Synopsis for Omar
Scene One: 1806, Futa Toro (a region of West Africa now part of Senegal)
in his peaceful village, Omar Ibn Said chants verses from the Quran. Omar’s mother Fatima, a spiritual matriarch of the village, leads the community in a prayer to Allah. Worried that his village will fall prey to the slavers pillaging the region, Omar's brother Abdul has been negotiating with them for the safety of his people. Omar believes that Allah has a plan for him, but Fatima cautions him that the plan might not be what he anticipates.
Abdul discovers that he has been deceived and he warns his family to flee the coming raiders. But it is too late. Warriors overrun the compound and begin taking people prisoner. Fatima is killed in the chaos.
Scene Two: The Middle Passage
Omar is shackled closely together with other prisoners in the cramped cargo hold of a slave ship. The desperate prisoners, each of them with their own individual life stories, pray to survive their horrendous journey.
Scene Three: The Charleston Slave Market
The enslaved woman Julie has been kidnapped and dragged to the market for sale. She plans to escape her kidnapper and return to the Owen plantation in Fayetteville, which seems like a better option than the uncertain future that awaits her at the market. Julie recognizes that the newly arrived Omar doesn’t comprehend what is about to happen to him. She tries to explain to Omar (who cannot understand her words) that if he manages to run away, he should try to make it to Fayetteville.
The slave auction begins. A family is brought up for sale. The father, Abe, pleads to be allowed to remain together, but the parents are sold separately from their young son. When Omar is led to the podium, the auctioneer flings his cap into the crowd, and Julie picks it up. In his anguish, Omar sees the spirit of his mother, who signals that Julie has managed to get free of her bonds. He creates a distraction so that Julie can escape. Omar is sold to Johnson.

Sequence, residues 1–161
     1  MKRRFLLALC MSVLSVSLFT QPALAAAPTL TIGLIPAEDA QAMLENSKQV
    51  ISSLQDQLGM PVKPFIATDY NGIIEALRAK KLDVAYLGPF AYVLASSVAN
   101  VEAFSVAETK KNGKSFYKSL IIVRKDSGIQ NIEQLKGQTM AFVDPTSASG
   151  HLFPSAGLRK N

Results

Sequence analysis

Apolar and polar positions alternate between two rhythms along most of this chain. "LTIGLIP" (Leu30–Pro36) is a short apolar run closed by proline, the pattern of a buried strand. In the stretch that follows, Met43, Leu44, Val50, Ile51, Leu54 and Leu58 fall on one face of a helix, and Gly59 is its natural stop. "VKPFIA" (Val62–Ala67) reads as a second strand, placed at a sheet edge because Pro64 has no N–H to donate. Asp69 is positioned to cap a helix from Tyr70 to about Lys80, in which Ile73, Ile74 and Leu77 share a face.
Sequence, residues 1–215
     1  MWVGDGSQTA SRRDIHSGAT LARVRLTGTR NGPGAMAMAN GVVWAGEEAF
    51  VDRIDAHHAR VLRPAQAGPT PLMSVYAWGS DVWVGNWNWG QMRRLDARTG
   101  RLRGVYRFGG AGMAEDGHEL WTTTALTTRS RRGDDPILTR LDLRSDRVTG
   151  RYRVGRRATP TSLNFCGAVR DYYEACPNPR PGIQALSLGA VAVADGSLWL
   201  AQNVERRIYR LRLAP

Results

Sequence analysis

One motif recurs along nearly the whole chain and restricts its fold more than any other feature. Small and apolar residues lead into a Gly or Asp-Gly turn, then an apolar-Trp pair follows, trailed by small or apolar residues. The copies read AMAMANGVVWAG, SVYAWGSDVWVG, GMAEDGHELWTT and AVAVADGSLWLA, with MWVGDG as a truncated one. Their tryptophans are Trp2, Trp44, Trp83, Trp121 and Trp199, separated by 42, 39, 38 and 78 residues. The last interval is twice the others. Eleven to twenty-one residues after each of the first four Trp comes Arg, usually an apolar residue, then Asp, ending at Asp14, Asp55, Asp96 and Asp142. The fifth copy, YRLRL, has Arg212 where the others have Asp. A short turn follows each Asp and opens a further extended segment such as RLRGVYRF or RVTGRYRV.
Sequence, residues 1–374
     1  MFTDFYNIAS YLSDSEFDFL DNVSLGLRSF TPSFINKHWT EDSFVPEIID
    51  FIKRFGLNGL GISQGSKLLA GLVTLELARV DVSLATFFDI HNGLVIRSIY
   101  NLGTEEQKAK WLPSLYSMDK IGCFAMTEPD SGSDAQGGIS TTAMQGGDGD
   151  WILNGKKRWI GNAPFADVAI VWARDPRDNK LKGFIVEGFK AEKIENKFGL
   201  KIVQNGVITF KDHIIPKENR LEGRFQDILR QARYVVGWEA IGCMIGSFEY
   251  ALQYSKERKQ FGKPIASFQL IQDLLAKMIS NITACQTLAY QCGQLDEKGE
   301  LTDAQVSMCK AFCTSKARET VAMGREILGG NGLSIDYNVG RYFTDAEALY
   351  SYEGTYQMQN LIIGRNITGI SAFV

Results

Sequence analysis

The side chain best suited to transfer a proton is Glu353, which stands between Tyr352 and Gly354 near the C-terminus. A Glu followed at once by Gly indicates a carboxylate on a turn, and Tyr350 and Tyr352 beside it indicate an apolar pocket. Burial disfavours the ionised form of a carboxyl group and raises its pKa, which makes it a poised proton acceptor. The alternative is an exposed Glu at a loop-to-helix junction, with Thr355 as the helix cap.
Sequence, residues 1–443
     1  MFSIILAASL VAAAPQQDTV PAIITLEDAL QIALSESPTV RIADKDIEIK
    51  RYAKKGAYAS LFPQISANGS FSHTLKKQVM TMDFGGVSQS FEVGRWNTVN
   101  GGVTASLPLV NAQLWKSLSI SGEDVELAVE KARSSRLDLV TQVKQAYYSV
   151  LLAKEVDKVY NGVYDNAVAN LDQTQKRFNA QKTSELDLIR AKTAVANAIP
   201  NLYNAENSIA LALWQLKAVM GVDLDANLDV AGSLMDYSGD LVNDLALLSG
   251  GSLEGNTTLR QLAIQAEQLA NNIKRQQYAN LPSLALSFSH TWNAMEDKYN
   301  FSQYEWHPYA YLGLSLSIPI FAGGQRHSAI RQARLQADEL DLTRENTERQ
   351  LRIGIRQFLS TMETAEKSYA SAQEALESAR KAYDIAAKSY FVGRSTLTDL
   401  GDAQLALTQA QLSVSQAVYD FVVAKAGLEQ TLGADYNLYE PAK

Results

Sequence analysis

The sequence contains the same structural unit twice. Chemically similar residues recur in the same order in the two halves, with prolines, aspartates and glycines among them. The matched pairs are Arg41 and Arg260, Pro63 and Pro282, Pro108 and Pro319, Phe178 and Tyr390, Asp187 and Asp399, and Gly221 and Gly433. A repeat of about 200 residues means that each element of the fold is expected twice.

Scene Four: Johnson’s plantation
Enslaved workers sing a work song as they labor. Omar keeps to himself. Johnson shouts at one of the men and strikes him. He then turns his wrath on Omar, asserting his authority and sending him to pick cotton in the fields.
Scene Five: Johnson’s plantation, five months later
As Omar sleeps, the spirit of Omar’s mother watches over him. Johnson’s voice is heard, furiously calling for Omar. At his mother’s urging, Omar escapes.
Scene One: Fayetteville County Jail
Omar has escaped but is eventually captured. He prays and writes Quranic verses in Arabic on the walls of the jail cell. This catches the attention of the townspeople, who wonder where he came from. The plantation owner Owen is urged by his daughter Eliza to buy Omar, who has by now learned to speak English. Owen questions Omar about his background, and their discussion turns to matters of spirituality. Owen sees an opportunity to convert Omar to Christianity.
Scene Two: Owen’s plantation
The enslaved workers come to the end of the day’s labors. One of them, Katie Ellen, is surprised that Julie has returned to the plantation. Owen and his friend Taylor arrive with Omar and introduce him to the other enslaved workers, who remind Omar that they all must be wary. Julie is impressed that Omar has followed her advice. She tells him that her father used to wear a cap like Omar’s. When she was a child, her father was sold and taken away. She has kept Omar’s cap all this time because it reminded her of her father, and she gives it back to Omar.
Scene Three: Owen’s study
Owen and Taylor are excited about the prospect of converting Omar to their faith, which will give Owen a great deal of prestige in his community. Owen gives Omar a Christian Bible written in Arabic and asks him to write "The Lord is my Shepherd,” in that language. Omar actually writes the words “I want to go home.”
Scene Four: Owen’s plantation
As Omar reads his new Bible under a tree, he asks Allah the meaning of his life journey. He recites and reinterprets Psalm 23 from the point of view of an enslaved Muslim. The scene ends with a choral amen, as Omar intones an Islamic prayer.
Scene Five: Owen’s plantation (finale)
Julie is fascinated that Omar can read and write. She encourages him to write a book. The spirit of Fatima joins Julie in urging Omar to write about his experiences and his faith. As he finds his voice, Omar calls on people of the Carolinas and of America to honor the tenets of their faith. The company joins Omar in praising the omnipresence of Allah in all that has been and in all that will be.
Synopsis by Mark Lyons, courtesy of Los Angeles Opera